How to mentor people without being a mama bear | Can Pelican persuade the world to buy U.S.-made boxes? | Apple plans to build employee restaurant to protect trade secrets
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April 30, 2012
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SmartBrief on Leadership

Leading Edge
How to mentor people without being a mama bear
Bosses who start mentoring junior workers should be sure not to "be a mama bear," says Shellye Archambeau, chief executive of MetricStream. That means not swooping in to solve your protege's problems for them, but rather helping them to figure out solutions on their own. "If you keep solving problems for your people, they don't learn how to actually solve problems for themselves, and it doesn't scale," Archambeau explains. The New York Times (tiered subscription model) (4/28)
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Strategic Management
Can Pelican persuade the world to buy U.S.-made boxes?
Pelican Products makes some of the toughest containers around, and stories abound of its plastic crates and cases being fished intact from the wreckage of helicopter crashes or bombed-out armored vehicles. Now Pelican is aiming to build on its reputation for ruggedness by opening sales offices around the world. "Nothing sells our products better than our products," says CEO Lyndon Faulkner. Los Angeles Times (tiered subscription model) (4/29)
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Apple plans to build employee restaurant to protect trade secrets
Apple's workers like to talk shop at lunch, but the chatter can be risky in a company town like Silicon Valley. That's why the company is building a 21,468-square-foot private off-site restaurant. "We like to provide a level of security so that people and employees can feel comfortable talking about their business, their research, and whatever project they're engineering without fear of competition sort of overhearing their conversations," said Dan Whisenhunt, director of real estate facilities at Apple. VentureBeat (4/26)
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Innovation and Creativity
More money, more innovation problems
After his PowerSquid power-outlet strip started selling well, professional inventor Christopher Hawker sat back and counted his money -- until sales and revenues dried up. That forced Hawker to rethink his business strategy, which now focuses on providing "invention incubator" services to other innovators. "Every breakdown is an opportunity for a breakthrough," Hawker explains. Entrepreneur online (4/26)
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Can HP reclaim its innovation heritage?
Hewlett-Packard aims to recapture its "heritage of innovation" with a new software and immersive-display package called Photon Engine, says Executive Vice President Todd Bradley. If the technology proves a money-spinner, it could help HP break the cycle of underinvestment that's seen R&D fall from 4% of sales seven years ago to just 2.6% of sales this year. Bloomberg Businessweek (4/26)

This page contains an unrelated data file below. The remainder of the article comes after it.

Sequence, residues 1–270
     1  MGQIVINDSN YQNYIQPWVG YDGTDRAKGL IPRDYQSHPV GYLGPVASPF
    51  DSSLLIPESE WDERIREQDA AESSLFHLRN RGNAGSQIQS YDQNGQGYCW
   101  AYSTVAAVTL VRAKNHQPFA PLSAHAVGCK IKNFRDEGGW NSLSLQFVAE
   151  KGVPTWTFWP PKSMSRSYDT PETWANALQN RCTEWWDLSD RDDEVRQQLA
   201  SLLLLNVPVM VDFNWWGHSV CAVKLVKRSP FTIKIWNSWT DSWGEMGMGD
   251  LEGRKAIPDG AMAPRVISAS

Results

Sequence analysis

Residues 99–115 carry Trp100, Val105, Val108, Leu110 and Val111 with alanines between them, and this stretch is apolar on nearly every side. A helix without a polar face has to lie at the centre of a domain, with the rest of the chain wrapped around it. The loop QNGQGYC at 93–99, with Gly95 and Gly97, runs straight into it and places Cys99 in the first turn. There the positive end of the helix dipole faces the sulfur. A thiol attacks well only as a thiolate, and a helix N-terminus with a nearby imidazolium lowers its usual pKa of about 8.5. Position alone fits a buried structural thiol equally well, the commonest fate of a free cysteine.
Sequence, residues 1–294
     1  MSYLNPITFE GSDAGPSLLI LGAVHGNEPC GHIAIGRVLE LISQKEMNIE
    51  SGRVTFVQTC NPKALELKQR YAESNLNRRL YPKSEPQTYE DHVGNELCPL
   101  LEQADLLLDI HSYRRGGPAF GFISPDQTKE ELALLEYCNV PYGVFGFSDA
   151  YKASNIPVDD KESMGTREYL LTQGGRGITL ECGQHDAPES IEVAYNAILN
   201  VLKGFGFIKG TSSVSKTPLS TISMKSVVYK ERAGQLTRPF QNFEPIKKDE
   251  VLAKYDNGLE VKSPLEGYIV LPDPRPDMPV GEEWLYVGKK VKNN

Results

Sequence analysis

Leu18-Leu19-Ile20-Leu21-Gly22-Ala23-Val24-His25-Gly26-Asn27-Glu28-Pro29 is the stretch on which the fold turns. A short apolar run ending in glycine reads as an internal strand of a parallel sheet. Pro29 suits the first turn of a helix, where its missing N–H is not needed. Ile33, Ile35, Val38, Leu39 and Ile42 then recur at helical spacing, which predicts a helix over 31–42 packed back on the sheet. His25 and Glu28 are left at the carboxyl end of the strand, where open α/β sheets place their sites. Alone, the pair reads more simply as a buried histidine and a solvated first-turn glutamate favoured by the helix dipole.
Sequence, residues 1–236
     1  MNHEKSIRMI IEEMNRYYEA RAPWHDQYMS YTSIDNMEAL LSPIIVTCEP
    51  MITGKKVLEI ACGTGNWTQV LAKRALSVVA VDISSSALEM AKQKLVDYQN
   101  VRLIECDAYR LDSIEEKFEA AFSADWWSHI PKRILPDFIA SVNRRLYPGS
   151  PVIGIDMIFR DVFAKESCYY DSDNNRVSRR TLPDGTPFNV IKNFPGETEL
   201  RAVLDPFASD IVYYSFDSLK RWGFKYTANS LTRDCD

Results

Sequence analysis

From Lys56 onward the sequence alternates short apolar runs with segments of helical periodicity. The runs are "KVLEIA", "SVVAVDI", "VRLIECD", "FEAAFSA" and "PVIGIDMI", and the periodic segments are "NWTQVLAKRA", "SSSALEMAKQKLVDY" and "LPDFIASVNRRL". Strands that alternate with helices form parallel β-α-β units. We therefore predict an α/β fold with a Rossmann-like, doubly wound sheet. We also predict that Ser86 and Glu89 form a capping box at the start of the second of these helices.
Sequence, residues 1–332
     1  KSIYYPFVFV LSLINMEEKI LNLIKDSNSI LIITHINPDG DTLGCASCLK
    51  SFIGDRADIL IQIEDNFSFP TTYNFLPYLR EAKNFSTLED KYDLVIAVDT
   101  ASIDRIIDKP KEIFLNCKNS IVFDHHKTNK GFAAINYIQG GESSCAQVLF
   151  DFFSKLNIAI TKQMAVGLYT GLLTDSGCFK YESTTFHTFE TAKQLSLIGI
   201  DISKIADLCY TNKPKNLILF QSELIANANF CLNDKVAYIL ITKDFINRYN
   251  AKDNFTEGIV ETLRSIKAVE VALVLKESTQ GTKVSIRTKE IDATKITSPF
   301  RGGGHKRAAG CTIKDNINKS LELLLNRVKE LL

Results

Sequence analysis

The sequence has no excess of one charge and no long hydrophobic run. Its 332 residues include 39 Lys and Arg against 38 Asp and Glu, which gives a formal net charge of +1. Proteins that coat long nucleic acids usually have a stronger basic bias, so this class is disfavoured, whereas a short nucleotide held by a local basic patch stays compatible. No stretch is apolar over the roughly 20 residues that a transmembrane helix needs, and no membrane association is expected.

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The Global Perspective
Some companies battle the "mordida"
Wal-mart's bribery scandal came as no surprise to Mexican business experts, who say foreign firms are often asked to give local officials a "mordida," or a "little bite," to expedite the bureaucratic process. Still, they add, some companies refuse to pay the bribes, and still manage to thrive in Mexico. "I know people who have never paid bribes," says consultant Lee Iwan. "It is part of daily life but it is something you can avoid." Inc. online (free registration) (4/27)
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Engage. Innovate. Discuss.
Why "Lego thinkers" make the best innovators
To be truly innovative, you need to think like a kid playing with Legos, write Hal Gregersen, Jeff Dyer and Clayton M. Christensen. The most creative designs come about when children bring together pieces from lots of different Lego kits, they write. "Similarly, the more knowledge, experience, or ideas you add from wide-ranging fields to your total stock of ideas, the greater the variety of ideas you can construct by combining these basic knowledge building blocks in unique ways," they argue. SmartBrief/SmartBlog on Leadership (4/27)
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Daily Diversion
The bees are here, and they want to drink your sweat
Honeybees are immigrants to America, but countless native species are still going strong -- including a number of bizarre bee species that like to drink human sweat. The "sweat bees" are particularly prevalent in New York City, where they nest in sidewalk cracks and balcony flowerpots. "They use humans as a salt lick," explains entomologist John Ascher. "They land on your arm and lap up the sweat." The Wall Street Journal (tiered subscription model) (4/28)
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Editor's Note
Follow @SBLeaders at the Milken Institute Global Conference
SmartBrief on Leadership editor James daSilva is attending the Milken Institute Global Conference in California from April 30 to May 2. Follow @SBLeaders this week for an inside look at the speakers and sessions.
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Good cash flow can make you sloppy."
-- Christopher Hawker, inventor of the PowerSquid, as quoted in Entrepreneur
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